Being Sad: Trying A Couple RSS Options

Dealing with being sad in a post-Google Reader world has led me to try a couple of RSS feed readers.

When looking around, I automatically excluded readers which depended on the Google Reader back-end to do their data storage and feed management.  I may try them after Google Reader is shut down, but right now there's no point in finding something I like only to be let down again when they don't update to another back end (either immediately or, as is the case for some iOS apps, ever).

On the iPad, I've been using Feedly.  Feedly uses the Google Reader back-end, which yes should disqualify it.  But they claim to be building their own back-end to replace it so that the transition will be invisible to end users.  Initially I was turned off by its magazine-style flipboard which shows only a few articles per page; however I've played with the options, and a recent rebuild of the app added a mode which seems to display more stories per "page".

Feedly is painful to use in a desktop browser, though.  I'm highly suspicious of these Chrome plug-in things, and Feedly wants to be one of those -- I suspect it is trying to manage a local cache of all my feeds rather than having me hit a central server for them.  (Which makes me wonder how the iPad app actually works.)  The real killer, though, is that Feedly seems to be littered with duplicate articles.  The sorting seems haphazard, and there just isn't the same article flow that was in Reader.

So for the browser, I've set up an instance of Tiny Tiny RSS on my private server.  And for a private instance it isn't too bad.  And as a side-effect, I've pruned my RSS subscription list down from more than 300 to just a hair over 200 -- a few broken feeds that I decided I don't care about, feeds with no updates since 2011 (or earlier in some cases), or just plain 404-ing feeds.  It works OK in the browser, and I've come to grips with the configuration options that are presented.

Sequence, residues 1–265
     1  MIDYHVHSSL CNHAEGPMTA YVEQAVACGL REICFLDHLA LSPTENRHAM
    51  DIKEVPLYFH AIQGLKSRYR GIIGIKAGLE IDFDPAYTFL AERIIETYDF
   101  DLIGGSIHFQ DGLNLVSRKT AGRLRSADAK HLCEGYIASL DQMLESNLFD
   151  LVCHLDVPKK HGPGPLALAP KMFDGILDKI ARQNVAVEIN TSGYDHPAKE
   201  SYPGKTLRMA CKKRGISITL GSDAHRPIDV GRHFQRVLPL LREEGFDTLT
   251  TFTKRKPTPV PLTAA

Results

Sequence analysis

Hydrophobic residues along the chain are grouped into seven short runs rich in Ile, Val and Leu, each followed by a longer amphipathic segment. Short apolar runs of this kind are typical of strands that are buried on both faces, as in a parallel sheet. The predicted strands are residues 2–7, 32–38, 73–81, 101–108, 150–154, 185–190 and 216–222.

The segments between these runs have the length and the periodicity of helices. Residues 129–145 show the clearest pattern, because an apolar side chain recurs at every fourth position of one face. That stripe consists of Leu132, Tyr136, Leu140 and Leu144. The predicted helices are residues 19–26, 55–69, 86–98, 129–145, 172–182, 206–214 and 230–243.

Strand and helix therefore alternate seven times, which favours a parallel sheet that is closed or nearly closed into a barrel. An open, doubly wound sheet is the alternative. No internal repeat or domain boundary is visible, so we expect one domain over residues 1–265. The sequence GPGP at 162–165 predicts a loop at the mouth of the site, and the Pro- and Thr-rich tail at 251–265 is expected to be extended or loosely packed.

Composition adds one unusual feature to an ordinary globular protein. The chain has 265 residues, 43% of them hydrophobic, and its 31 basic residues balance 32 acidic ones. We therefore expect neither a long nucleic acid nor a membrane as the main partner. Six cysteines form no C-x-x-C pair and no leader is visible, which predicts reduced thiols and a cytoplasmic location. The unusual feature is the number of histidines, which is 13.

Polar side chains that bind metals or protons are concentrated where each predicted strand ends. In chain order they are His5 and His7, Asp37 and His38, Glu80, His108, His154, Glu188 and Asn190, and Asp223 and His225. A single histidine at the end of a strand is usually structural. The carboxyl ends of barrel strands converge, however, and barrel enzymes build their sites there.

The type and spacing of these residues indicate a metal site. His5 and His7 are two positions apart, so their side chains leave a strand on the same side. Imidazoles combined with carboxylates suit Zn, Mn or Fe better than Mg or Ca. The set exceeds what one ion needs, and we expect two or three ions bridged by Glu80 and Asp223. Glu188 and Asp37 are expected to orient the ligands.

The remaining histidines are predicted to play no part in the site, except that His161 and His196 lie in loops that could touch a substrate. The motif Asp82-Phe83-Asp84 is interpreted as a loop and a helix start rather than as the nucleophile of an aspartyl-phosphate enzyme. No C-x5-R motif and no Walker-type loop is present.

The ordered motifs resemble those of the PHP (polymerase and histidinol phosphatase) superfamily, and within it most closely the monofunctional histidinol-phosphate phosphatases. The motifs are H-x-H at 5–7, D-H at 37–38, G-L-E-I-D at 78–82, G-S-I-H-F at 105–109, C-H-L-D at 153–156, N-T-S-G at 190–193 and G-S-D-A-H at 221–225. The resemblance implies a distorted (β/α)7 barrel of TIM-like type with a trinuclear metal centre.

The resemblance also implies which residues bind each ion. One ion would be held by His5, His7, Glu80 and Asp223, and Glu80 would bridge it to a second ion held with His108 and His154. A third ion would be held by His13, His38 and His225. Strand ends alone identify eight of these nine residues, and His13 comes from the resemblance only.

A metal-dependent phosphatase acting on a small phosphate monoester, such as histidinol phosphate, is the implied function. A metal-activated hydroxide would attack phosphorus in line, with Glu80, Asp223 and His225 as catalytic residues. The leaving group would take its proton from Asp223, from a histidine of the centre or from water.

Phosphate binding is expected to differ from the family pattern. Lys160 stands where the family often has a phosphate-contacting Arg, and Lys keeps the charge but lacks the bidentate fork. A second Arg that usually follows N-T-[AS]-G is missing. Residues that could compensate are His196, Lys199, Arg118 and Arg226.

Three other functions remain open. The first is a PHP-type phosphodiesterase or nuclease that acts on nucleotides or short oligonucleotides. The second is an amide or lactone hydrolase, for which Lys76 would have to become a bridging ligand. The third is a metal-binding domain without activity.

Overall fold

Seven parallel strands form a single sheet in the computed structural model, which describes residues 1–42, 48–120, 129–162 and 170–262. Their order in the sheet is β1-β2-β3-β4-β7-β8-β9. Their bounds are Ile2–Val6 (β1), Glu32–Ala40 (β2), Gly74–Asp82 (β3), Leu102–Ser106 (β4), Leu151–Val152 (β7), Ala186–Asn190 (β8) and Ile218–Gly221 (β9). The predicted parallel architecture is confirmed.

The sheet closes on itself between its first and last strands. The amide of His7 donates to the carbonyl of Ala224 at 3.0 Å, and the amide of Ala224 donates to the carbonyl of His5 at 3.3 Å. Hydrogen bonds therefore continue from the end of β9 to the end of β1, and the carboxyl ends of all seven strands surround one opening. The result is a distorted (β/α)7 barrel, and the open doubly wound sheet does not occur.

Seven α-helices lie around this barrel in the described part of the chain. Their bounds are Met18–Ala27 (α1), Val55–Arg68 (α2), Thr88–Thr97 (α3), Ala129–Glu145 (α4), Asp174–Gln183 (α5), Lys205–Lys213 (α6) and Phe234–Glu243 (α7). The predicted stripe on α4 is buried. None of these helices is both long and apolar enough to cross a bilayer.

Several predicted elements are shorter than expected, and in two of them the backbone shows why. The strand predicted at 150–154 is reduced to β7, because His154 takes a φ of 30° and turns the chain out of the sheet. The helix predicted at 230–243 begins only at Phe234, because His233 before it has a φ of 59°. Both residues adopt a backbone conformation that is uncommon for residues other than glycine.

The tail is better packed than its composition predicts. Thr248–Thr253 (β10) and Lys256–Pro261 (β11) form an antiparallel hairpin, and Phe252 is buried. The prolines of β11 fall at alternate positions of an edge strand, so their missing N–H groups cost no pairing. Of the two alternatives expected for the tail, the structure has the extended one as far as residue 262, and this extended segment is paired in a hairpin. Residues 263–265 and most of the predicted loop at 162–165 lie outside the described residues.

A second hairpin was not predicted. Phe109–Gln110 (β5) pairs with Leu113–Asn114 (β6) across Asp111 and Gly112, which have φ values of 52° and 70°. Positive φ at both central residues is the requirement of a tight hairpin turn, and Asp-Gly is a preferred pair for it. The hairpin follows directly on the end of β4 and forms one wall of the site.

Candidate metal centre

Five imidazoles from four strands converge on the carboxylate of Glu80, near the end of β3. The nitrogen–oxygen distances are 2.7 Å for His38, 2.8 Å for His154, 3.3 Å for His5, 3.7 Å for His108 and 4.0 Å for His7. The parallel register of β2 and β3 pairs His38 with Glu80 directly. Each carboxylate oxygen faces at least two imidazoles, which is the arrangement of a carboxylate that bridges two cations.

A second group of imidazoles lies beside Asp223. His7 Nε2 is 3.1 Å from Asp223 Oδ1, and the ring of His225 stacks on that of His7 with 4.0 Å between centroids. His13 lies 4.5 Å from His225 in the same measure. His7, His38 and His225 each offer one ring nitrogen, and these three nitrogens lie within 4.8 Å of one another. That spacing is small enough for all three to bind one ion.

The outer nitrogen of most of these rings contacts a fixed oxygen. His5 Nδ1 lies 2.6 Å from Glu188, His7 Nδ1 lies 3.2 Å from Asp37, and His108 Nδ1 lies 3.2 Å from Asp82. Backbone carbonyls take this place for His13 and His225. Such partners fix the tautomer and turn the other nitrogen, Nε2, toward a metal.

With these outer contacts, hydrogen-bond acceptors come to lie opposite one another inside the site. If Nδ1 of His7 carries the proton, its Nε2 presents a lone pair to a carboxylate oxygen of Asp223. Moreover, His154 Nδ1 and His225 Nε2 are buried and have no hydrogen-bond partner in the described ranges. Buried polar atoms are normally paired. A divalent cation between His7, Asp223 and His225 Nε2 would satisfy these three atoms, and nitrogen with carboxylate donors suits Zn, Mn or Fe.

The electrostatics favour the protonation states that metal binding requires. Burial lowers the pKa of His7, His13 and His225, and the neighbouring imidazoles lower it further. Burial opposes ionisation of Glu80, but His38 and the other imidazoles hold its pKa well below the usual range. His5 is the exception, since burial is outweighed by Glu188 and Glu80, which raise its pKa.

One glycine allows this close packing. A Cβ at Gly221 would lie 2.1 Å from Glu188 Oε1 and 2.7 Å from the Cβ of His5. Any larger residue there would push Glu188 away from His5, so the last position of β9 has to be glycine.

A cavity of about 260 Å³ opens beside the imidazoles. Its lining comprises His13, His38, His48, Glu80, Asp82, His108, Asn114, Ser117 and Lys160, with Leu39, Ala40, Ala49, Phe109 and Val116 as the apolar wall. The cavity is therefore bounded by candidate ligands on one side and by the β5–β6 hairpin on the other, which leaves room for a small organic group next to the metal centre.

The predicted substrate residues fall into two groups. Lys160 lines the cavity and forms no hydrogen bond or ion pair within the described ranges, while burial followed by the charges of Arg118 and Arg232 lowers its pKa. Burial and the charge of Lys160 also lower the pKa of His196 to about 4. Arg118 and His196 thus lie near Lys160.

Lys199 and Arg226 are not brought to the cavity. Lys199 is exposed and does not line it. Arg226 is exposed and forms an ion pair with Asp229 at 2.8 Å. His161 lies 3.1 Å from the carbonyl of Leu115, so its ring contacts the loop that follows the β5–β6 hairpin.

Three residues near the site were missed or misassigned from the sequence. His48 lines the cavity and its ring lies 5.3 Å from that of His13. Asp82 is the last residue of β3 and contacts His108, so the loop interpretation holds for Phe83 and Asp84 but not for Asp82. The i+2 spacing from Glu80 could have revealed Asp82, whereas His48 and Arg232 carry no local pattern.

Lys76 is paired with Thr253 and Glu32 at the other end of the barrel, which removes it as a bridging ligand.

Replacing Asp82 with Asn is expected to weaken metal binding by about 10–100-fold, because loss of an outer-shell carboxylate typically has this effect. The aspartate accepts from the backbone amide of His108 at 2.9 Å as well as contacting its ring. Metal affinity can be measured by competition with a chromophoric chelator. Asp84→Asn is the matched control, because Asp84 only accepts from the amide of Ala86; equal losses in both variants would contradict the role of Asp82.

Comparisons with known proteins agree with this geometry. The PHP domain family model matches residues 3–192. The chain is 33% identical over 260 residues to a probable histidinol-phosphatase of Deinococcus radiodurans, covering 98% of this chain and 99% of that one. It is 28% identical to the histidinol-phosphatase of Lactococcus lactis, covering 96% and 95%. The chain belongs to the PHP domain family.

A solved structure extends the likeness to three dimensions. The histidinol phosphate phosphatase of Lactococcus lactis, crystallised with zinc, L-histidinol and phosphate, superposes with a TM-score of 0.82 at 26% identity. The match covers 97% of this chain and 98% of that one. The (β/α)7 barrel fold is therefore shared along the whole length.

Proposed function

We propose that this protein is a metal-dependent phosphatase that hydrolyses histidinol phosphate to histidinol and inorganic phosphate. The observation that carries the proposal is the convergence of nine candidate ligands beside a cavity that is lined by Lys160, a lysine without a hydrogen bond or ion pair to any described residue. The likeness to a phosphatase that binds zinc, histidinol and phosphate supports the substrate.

It'll do a number on the bandwidth usage that my server uses, though.  We'll just have to wait a couple weeks to see how running the updater twice an hour will impact my data transfer numbers.

But on the iPad, the mobile interface is just plain painful.  Or at least, on my iPad.  There's a ton of hesitation and reloading and spit-you-back-to-the-default-page-load that makes it almost unusable.  And since a non-trivial percentage of my feed reading is done on the iPad, this is a problem.  And running it in the iPad Chrome browser is an order of magnitude worse than that.

Oh, I'm also a bit put off by the TTR dev's attitudes which seems to be "we're not changing TTR to be like Google Reader, so piss off".  Which is fine if you like where the boat is going.  And normally I would agree with them, it is just their attitude is lacking.  I do think that expecting end-users to do their updates with git, claiming "the trunk is usually stable and usable," smacks a little bit of not caring about how others see your tool.  The install is the first time a lot of people see your tool, if the install is rough they are more likely to give up on it and be less tolerant of other rough edges.

Downsides: I thought that I could deal with seeing articles in both TTR and Feedly, but I'm less happy with that than I thought.  And there's the whole problem of managing RSS subscriptions in two places -- there's no trivial way for me to duplicate my feed trimming in Feedly from TTR.

I've been trying hard to not go back to Google Reader, since that won't be an option in the future.

I'm not sure what I'll end up doing in the long term.  But I'm not exactly thrilled with how things are going right now.